Gloucestershire County Council has already banned such trips until after a review of its policy on young offenders, which will be discussed at next month's seminar and decided by the social services committee in March.
Deryk Mead, the director of social services, denied the council was soft on young criminals and said it had never allowed them to take 'holidays' abroad. He said the authority did agree to alternative approaches which sometimes used 'character-building trips abroad as part of a structured regime which addresses offending behaviour'.
The policy review was announced after controversy over therapy used by Bryn Melyn community centre near Bala in North Wales which takes some of the most 'challenging' young offenders.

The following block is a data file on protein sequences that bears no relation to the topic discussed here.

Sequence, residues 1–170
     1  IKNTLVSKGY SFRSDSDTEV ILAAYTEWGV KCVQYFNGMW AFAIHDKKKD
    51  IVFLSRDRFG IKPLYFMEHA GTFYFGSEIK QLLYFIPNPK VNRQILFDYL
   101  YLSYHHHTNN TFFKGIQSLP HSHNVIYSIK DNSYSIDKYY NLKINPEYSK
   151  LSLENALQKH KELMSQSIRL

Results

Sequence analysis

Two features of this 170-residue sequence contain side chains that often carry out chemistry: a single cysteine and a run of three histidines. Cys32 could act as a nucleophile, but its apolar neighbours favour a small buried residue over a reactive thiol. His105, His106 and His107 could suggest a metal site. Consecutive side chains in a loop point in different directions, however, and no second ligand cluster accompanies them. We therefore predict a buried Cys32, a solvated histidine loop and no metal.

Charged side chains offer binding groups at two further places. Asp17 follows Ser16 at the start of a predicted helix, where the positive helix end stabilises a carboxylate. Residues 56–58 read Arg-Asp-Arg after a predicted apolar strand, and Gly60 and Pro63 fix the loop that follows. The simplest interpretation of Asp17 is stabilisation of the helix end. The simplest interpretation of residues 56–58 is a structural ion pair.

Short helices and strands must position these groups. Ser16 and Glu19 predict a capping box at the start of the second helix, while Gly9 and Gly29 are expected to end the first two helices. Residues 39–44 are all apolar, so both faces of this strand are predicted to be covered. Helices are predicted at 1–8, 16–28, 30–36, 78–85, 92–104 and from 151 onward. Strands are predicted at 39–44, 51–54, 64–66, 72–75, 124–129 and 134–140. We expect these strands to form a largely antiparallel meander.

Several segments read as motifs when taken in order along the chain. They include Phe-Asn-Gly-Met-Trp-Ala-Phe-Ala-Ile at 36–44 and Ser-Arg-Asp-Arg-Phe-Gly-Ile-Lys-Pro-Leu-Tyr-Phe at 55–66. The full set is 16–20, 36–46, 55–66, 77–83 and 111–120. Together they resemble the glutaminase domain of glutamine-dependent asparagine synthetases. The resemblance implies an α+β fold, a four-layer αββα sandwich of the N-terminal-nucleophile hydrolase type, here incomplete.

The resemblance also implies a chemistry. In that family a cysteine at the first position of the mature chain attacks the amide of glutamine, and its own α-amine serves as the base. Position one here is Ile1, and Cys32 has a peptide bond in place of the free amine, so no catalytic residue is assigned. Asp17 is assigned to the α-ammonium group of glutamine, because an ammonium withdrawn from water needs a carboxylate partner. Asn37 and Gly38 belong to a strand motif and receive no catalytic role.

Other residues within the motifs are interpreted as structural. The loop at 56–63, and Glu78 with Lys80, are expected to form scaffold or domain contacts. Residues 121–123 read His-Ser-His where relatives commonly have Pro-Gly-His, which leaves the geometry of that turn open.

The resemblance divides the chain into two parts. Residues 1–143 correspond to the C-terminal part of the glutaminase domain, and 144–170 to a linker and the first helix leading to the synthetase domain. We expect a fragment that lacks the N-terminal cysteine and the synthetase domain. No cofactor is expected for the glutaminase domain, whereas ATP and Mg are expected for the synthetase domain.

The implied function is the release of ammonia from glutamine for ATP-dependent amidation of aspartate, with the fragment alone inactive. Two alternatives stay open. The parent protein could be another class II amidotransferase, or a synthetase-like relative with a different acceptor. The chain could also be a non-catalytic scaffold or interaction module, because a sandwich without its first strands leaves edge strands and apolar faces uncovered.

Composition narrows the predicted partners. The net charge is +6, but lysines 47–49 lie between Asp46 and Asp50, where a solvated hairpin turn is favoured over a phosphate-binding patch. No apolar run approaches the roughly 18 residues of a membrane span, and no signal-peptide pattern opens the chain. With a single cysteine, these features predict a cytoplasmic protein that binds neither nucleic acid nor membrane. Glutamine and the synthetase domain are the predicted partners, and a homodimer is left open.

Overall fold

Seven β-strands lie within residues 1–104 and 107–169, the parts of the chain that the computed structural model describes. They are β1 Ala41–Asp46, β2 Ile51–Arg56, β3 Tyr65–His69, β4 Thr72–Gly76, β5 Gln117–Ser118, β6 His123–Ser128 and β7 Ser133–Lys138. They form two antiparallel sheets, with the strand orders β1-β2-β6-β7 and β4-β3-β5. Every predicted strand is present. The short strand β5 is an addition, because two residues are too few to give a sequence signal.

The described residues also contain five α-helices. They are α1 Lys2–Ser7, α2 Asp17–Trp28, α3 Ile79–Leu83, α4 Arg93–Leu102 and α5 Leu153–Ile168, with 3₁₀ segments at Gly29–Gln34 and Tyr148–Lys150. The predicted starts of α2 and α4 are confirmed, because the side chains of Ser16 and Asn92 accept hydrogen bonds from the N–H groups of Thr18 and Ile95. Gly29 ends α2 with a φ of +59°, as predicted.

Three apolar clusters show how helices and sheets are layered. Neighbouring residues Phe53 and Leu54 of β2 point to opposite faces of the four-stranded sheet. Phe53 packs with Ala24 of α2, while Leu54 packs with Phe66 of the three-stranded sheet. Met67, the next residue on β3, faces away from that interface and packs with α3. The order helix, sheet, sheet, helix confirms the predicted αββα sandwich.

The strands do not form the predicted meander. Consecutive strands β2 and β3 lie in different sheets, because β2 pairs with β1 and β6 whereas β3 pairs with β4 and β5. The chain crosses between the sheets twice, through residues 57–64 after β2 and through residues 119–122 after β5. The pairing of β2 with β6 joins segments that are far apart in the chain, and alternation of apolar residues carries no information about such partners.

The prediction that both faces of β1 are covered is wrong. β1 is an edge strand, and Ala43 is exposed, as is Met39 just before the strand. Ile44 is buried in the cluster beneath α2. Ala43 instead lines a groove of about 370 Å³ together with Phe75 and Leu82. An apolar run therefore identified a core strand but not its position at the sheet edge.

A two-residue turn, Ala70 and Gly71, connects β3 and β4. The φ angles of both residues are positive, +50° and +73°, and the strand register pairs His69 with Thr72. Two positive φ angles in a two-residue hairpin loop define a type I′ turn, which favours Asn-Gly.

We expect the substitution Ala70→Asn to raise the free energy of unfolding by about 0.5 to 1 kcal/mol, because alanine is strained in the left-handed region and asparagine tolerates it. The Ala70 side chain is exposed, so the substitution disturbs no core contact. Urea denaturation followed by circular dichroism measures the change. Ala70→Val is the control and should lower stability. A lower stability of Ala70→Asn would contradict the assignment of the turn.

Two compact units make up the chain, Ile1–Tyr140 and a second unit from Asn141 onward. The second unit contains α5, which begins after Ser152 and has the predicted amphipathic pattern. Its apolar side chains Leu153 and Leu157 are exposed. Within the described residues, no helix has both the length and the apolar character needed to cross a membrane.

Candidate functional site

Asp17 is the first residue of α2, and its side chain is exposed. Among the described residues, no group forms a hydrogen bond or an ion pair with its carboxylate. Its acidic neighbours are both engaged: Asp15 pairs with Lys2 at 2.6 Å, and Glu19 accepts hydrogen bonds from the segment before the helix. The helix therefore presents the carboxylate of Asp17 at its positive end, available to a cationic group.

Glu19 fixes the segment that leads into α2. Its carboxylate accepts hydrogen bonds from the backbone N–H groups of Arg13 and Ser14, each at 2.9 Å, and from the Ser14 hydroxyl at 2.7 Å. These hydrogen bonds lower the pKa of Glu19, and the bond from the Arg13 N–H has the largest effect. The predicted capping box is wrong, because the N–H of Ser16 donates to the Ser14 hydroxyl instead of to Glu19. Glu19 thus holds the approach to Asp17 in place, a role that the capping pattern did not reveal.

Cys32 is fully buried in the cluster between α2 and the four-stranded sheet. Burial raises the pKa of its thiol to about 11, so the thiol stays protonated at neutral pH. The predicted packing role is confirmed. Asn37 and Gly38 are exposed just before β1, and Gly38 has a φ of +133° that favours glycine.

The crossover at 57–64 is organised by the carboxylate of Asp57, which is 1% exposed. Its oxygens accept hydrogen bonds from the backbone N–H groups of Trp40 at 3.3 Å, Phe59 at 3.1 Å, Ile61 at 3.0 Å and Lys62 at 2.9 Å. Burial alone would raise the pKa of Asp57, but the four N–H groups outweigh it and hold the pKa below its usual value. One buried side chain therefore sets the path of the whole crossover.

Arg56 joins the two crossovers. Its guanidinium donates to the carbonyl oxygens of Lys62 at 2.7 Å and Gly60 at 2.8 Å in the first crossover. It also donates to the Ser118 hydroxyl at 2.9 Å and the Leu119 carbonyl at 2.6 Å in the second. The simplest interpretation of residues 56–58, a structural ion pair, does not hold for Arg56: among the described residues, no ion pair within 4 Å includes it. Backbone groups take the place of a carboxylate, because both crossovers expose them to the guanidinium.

Doubts were expressed about the effectiveness of such therapy, for which local authorities pay between pounds 1,600 and pounds 1,800 a week, after incidents in which boys allegedly reoffended almost immediately after such trips.
A 17-year-old boy who was sent to Bryn Melyn after committing a series of burglary and car-related offences, was arrested for an alleged drink- driving offence three days after returning from a trip to Africa, which included a safari in Kenya and cruise on the Nile.
Defending Gloucestershire's use of alternative treatments, Mr Mead said in a statement that the council was faced with two alternatives - 'either to lock the children up' in secure accommodation, which is particularly expensive - averaging around pounds 2,000 a week - 'or look for more radical alternatives'.Reuse content